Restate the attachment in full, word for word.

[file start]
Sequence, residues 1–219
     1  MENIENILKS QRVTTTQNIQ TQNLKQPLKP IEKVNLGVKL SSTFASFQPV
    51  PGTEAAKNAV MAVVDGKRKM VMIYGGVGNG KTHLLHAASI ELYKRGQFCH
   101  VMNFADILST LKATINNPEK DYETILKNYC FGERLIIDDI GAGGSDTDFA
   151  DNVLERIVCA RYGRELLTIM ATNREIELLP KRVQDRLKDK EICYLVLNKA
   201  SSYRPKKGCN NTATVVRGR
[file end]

Sequence, residues 1–219
     1  MENIENILKS QRVTTTQNIQ TQNLKQPLKP IEKVNLGVKL SSTFASFQPV
    51  PGTEAAKNAV MAVVDGKRKM VMIYGGVGNG KTHLLHAASI ELYKRGQFCH
   101  VMNFADILST LKATINNPEK DYETILKNYC FGERLIIDDI GAGGSDTDFA
   151  DNVLERIVCA RYGRELLTIM ATNREIELLP KRVQDRLKDK EICYLVLNKA
   201  SSYRPKKGCN NTATVVRGR